- The Washington Times - Friday, May 23, 2003

Republicans last night won congressional approval to exempt the Department of Defense from certain environmental laws aimed at protecting wildlife around military bases.

The exemptions are needed so they can carry out military tests and training exercises on protected beaches and other areas where endangered animals or marine mammals live, Republican leaders say.

“We possess the most ready, capable armed forces in the world; however, expanding trends in environmental restrictions are significantly impacting military training and operational readiness,” Air Force Gen. Richard B. Myers, Joint Chiefs of Staff chairman, wrote in a letter to the Senate this week.

Democrats, who have made some headway in limiting the exemptions requested by the Pentagon, accuse Republicans of using the Defense Department’s spending bill to “gut two of our nation’s most important environmental laws,” said Nick J. Rahall II, West Virginia Democrat.

Though the House and Senate versions of the bill differ, both essentially would give the secretary of defense greater latitude to allow military training in areas deemed “critical habitat” under the Endangered Species Act.

The House bill also allows the secretary to permit underwater exercises that otherwise would violate the Marine Mammals Protection Act.

The provisions are part of two $400 billion defense spending bills debated on the House and Senate floors this week. The Senate overwhelmingly approved its bill last night by a vote of 98-1, with only Sen. Robert C. Byrd, West Virginia Democrat, opposing.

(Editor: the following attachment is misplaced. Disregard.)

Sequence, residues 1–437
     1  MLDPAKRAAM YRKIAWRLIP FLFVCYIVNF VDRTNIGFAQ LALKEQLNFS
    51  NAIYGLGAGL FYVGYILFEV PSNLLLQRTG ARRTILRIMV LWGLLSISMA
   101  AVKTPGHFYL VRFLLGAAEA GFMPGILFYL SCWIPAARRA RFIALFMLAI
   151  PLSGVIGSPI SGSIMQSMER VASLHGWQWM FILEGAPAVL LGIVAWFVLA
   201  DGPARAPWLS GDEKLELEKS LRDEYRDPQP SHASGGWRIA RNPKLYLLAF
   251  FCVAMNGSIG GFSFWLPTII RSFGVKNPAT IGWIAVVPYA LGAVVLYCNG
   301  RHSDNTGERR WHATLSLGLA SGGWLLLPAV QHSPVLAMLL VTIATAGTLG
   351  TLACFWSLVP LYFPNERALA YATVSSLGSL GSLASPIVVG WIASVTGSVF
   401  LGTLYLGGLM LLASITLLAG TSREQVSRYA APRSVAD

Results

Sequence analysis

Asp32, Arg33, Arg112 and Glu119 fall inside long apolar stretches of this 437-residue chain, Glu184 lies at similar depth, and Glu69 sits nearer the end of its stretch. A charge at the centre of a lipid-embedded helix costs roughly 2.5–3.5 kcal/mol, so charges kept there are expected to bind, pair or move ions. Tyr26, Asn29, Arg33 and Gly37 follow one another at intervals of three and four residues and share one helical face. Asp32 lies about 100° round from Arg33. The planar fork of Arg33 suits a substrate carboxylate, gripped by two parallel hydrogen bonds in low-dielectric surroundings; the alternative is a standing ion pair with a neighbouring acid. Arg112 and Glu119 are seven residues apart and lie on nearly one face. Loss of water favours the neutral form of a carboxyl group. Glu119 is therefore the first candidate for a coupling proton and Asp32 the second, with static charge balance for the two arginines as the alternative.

Sen. John Kerry, Massachusetts Democrat who is running for president, missed the vote.

The House last night passed its version by a 361-68 vote, with almost all of the votes against the bill coming from Democrats.

Defense Secretary Donald H. Rumsfeld said that current environmental laws expose the military to environmental lawsuits and deny troops critical training.

“The Department of Defense is among the very best stewards and custodians of environmentally important areas,” Mr. Rumsfeld said. “To the extent we are so restricted that we are unable to train, we’re going to end up sending men and women into battle without the kind of training that they need.”

Democrats prevailed Wednesday in limiting the exemptions to the Endangered Species Act, requiring the secretary of the interior to approve such exemptions. That amendment was adopted by a 51-48 vote.

Republican Sens. Olympia J. Snowe and Susan Collins of Maine, Lincoln Chaffee of Rhode Island and Arlen Specter of Pennsylvania joined Democrats to support the amendment.

Sen. Zell Miller of Georgia was the only Democrat to join Republicans. Sen. John Edwards, North Carolina Democrat, missed the vote to campaign for president in Iowa.

In the House, Democrats have had less success. Their one amendment altering the environmental provisions was not allowed under the rules drafted by Republicans.

Rep. John D. Dingell, Michigan Democrat, said, “If I understand this correctly, the Bush administration would like to send the world a message: That our military is strong enough to topple Saddam Hussein yet weak enough to be bested by Yertle the Turtle.”

Democrats charged Republicans with hypocrisy, saying the bills violate a basic tenet of Republicans’ Contract with America by exempting government from its own laws.

“Democrats should read the contract,” said Rick Tyler, spokesman for former House Speaker Newt Gingrich, the chief architect of the Contract with America. “It says all laws should apply to Congress. That does not mean the Department of Defense or the local police department.”

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